Since Britain's shock vote to leave the EU in June 2016 many worried British citizens in France have been taking steps to secure their status in their adopted country.
While some have gone down the route of seeking French citizenship, others have applied for permanent residency permits, known as a carte de séjour, which can be obtained if you have lived in France for five years continuously.
While the residency permits are not necessary for EU citizens, which until the UK's official Brexit still includes British nationals, they are considered useful given the ongoing uncertainty around the rights of Brits living in the EU, not least because the permit certifies that a person has been living in France on a "stable and legal basis".
Essentially if talks fail then those with a carte de séjour will have secured permanent residency before the expected rush.
British nationals have the right to apply for a carte de séjour but ever since the referendum Brits have been reporting problems obtaining one.
While many have no problems some departments, notably the Gironde in south west France, have been effectively telling applicants to come back once Brexit has happened.
Phillip Mold, 60, who lives in Gironde, is one of those who had his application rejected. He was sent a letter reminding him that the the referendum result hasn't yet changed the legal situation for Brits in France.
In other words until Brexit is signed, sealed and delivered Brits have no need of a residency permit, so come back later. But it was the uncertainty further down the line that Brits in France were hoping to avoid by gaining a carte de séjour.
"I have no faith in the UK government and if they anger the French government during the negotiations then each side could end up refusing to look after each other's citizens or guarantee our right to remain," Mold told The Local.
"There will be almighty queues at the prefectures, but if you already have a carte de séjour then you have already jumped over most of the hurdles.
"I don't really have any legal redress. They have the right to say no. I thought about going to court but I don't want to kick up a fuss and cause problems because I might need them further down the line."
However those turned down are encouraged to go back to the prefecture and point out their legal entitlements.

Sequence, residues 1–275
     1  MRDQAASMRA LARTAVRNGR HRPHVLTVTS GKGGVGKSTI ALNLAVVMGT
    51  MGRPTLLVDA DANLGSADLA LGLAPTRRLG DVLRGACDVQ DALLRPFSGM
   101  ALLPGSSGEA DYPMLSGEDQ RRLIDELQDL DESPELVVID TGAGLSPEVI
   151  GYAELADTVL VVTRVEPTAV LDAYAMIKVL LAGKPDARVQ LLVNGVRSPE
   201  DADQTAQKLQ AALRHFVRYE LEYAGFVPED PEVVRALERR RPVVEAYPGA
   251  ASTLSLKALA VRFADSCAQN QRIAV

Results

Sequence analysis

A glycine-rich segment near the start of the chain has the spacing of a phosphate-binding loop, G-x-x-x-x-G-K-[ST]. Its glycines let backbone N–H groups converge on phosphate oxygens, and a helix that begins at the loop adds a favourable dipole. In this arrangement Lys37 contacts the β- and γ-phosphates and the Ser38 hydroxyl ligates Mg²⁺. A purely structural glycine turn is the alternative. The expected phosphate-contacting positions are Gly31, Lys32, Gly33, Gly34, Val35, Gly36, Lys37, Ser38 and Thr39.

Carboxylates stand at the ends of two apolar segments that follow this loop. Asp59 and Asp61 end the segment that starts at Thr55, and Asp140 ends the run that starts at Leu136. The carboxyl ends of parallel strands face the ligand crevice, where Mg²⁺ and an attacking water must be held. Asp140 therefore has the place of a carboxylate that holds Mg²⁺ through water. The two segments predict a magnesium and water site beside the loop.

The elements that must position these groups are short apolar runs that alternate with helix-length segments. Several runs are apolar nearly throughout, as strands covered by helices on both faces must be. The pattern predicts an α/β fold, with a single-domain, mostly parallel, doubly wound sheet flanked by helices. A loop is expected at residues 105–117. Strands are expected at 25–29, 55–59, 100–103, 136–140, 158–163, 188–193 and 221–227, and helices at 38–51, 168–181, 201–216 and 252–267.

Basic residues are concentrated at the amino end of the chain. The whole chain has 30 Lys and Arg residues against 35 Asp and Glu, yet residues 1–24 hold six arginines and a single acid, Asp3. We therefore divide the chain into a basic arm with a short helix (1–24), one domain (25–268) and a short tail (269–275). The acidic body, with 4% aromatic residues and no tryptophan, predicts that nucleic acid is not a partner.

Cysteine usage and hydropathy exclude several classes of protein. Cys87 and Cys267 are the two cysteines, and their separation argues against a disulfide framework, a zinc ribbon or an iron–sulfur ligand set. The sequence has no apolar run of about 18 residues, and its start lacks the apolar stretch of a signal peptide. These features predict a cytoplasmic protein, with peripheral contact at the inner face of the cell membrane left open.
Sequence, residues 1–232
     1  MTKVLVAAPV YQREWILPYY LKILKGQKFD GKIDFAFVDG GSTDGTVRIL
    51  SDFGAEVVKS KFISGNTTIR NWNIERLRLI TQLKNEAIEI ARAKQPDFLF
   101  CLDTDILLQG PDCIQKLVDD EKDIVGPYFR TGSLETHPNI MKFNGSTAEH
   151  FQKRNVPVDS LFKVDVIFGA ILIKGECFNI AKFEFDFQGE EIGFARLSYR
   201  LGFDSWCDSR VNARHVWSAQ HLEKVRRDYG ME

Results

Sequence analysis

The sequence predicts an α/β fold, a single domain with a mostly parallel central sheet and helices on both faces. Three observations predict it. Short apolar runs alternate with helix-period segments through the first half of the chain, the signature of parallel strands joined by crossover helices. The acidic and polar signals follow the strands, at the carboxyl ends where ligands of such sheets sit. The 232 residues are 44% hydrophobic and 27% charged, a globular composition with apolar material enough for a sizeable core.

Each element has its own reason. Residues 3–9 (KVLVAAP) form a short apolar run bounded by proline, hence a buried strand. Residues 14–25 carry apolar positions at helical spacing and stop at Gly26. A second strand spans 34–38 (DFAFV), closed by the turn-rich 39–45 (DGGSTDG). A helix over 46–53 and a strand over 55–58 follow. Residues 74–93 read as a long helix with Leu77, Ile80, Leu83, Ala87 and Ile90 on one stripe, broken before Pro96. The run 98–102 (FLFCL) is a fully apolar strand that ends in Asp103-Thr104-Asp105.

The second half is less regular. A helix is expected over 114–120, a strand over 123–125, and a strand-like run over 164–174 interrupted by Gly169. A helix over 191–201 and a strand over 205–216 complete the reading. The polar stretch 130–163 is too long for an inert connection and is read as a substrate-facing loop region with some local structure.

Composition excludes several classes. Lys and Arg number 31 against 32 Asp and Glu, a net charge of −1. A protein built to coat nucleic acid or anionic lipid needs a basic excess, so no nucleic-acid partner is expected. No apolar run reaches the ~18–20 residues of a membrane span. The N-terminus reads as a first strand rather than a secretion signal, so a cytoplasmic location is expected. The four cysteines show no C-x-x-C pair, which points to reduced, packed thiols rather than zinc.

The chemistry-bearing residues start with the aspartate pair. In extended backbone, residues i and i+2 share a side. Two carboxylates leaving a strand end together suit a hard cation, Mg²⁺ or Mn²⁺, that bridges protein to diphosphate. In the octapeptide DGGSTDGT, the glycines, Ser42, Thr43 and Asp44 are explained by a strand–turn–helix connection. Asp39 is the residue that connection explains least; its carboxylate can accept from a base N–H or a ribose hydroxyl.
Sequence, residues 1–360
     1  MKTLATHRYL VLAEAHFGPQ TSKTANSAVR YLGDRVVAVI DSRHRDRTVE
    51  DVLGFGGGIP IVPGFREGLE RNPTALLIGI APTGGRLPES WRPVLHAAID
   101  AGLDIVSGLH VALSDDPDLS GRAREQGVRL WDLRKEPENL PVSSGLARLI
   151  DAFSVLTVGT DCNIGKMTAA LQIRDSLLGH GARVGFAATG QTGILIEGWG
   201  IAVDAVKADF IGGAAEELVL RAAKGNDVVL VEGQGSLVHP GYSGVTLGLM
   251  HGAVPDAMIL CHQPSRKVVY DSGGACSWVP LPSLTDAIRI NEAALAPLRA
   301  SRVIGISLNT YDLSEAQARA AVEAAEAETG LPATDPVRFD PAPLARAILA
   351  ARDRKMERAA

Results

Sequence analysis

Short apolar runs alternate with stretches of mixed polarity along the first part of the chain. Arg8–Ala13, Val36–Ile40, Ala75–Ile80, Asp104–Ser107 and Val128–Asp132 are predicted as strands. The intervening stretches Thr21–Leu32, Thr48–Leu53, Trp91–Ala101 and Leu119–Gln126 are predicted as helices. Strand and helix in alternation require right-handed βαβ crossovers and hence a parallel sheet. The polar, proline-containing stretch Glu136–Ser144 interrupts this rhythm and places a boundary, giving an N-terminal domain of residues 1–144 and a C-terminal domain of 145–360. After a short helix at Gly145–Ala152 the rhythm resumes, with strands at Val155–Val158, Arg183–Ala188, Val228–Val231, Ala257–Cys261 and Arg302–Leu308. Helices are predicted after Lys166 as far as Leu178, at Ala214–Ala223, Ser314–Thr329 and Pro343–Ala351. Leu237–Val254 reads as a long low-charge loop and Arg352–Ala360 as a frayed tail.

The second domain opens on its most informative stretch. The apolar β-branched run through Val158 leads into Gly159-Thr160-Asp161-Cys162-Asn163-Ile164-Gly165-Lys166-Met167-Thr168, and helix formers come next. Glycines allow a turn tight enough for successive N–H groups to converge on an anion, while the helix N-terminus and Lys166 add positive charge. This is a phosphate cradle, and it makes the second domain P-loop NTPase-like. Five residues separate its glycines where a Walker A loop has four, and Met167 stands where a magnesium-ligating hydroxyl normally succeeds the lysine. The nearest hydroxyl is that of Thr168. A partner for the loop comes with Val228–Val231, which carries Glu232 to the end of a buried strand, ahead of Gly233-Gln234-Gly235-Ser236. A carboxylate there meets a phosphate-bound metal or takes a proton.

A spokeswoman for the department of Gironde confirmed to The Local on Monday that British citizens are being sent letters asking them to delay their applications.
"The referendum hasn't changed anything for the moment. British citizens are still citizens of the EU and can still stay in France. We invite them to apply when they are no longer EU citizens and therefore need a carte de séjour.
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"It could still be a long time before the UK leaves the EU, when we have a date then it will be time to look at the applications.
"This is not a refusal. We are just telling them there's no urgency. There is a big demand for residency permits so we are telling British citizens it's not necessary yet. There is still a lot of time."
The spokesperson added that applications from Brits had risen since Brexit and just like British nationals lamented the lack of certainty with regards to future rights of EU and British citizens.
Back in May the EU promised to investigate the problem around British nationals seeking permanent residency permits and even though France's Interior Ministry agrees it is their right to obtain one, prefectures in different departments seem to have different approaches.
Earlier this month the British embassy in Paris also asked citizens who had been refused a residency permit to come forward as they try to gather evidence of where the problems are.
"We are just trying to gather evidence of where people are encountering local difficulties which would allow us to build up a picture of any particular problems," a source at the embassy told The Local.
British citizens in France are divided about what to do as a result of the referendum with many thinking there's no need to go down the route of seeking residency permits just yet because they are confident negotiations will eventually succeed and their right to remain in France will be guaranteed.
Nevertheless community groups that have formed out of the referendum recommend applying as "good practice".
The Remain in France Together (RIFT) group writes: We recommend applying for a carte de séjour as good practice. Because as British citizens settling in France we are not required to register our arrival with our mairie or elsewhere, it isn't always evident how long each of us has been a resident.
"Going through the (relatively simple) procedure now of applying for a carte de séjour as an EU citizen will make sure that your date of arrival is formally registered, so that once Brexit has happened you can easily demonstrate that you are already resident and hence can benefit from the citizens' rights agreement."
But while Gironde and other departments may be asking applicants to come back later many Brits in France report obtaining a carte de séjour without a problem.
A spokeswoman for the Indre-et-Loire department told The Local: "Nothing has changed but if British citizens really insist of on obtaining a carte de séjour then we will deal with the application."